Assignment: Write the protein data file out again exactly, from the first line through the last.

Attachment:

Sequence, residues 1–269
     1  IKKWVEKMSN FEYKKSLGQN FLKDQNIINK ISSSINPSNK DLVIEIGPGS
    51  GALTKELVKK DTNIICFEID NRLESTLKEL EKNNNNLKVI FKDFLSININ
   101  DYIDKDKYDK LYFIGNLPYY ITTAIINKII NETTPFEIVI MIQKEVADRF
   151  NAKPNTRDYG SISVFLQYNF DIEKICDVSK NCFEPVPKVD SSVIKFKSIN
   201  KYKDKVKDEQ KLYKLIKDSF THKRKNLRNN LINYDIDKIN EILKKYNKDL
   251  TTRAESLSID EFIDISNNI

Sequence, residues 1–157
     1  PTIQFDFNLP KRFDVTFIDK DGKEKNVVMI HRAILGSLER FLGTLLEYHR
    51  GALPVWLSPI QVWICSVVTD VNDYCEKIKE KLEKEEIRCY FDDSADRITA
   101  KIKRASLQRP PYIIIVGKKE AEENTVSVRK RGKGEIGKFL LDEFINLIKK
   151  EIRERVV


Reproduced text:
Sequence, residues 1–269
     1  IKKWVEKMSN FEYKKSLGQN FLKDQNIINK ISSSINPSNK DLVIEIGPGS
    51  GALTKELVKK DTNIICFEID NRLESTLKEL EKNNNNLKVI FKDFLSININ
   101  DYIDKDKYDK LYFIGNLPYY ITTAIINKII NETTPFEIVI MIQKEVADRF
   151  NAKPNTRDYG SISVFLQYNF DIEKICDVSK NCFEPVPKVD SSVIKFKSIN
   201  KYKDKVKDEQ KLYKLIKDSF THKRKNLRNN LINYDIDKIN EILKKYNKDL
   251  TTRAESLSID EFIDISNNI

Sequence, residues 1–157
     1  PTIQFDFNLP KRFDVTFIDK DGKEKNVVMI HRAILGSLER FLGTLLEYHR
    51  GALPVWLSPI QVWICSVVTD VNDYCEKIKE KLEKEEIRCY FDDSADRITA
   101  KIKRASLQRP PYIIIVGKKE AEENTVSVRK RGKGEIGKFL LDEFINLIKK
   151  EIRERVV